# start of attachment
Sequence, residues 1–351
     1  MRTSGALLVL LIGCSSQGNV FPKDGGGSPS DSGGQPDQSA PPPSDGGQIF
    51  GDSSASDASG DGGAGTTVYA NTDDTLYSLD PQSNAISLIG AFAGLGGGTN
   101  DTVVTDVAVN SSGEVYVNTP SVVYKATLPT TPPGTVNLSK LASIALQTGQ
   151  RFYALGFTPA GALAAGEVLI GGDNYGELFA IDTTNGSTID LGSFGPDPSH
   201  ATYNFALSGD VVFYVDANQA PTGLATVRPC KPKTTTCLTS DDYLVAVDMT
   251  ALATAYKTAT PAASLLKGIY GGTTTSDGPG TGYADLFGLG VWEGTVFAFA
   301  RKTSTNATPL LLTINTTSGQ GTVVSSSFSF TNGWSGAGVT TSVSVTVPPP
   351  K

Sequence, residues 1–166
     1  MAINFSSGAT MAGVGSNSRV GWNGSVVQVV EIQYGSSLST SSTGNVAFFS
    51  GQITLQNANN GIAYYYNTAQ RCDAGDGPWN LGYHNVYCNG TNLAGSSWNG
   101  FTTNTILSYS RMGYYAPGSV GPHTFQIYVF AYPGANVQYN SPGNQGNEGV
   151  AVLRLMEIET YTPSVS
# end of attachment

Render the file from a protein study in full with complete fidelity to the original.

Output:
Sequence, residues 1–351
     1  MRTSGALLVL LIGCSSQGNV FPKDGGGSPS DSGGQPDQSA PPPSDGGQIF
    51  GDSSASDASG DGGAGTTVYA NTDDTLYSLD PQSNAISLIG AFAGLGGGTN
   101  DTVVTDVAVN SSGEVYVNTP SVVYKATLPT TPPGTVNLSK LASIALQTGQ
   151  RFYALGFTPA GALAAGEVLI GGDNYGELFA IDTTNGSTID LGSFGPDPSH
   201  ATYNFALSGD VVFYVDANQA PTGLATVRPC KPKTTTCLTS DDYLVAVDMT
   251  ALATAYKTAT PAASLLKGIY GGTTTSDGPG TGYADLFGLG VWEGTVFAFA
   301  RKTSTNATPL LLTINTTSGQ GTVVSSSFSF TNGWSGAGVT TSVSVTVPPP
   351  K

Sequence, residues 1–166
     1  MAINFSSGAT MAGVGSNSRV GWNGSVVQVV EIQYGSSLST SSTGNVAFFS
    51  GQITLQNANN GIAYYYNTAQ RCDAGDGPWN LGYHNVYCNG TNLAGSSWNG
   101  FTTNTILSYS RMGYYAPGSV GPHTFQIYVF AYPGANVQYN SPGNQGNEGV
   151  AVLRLMEIET YTPSVS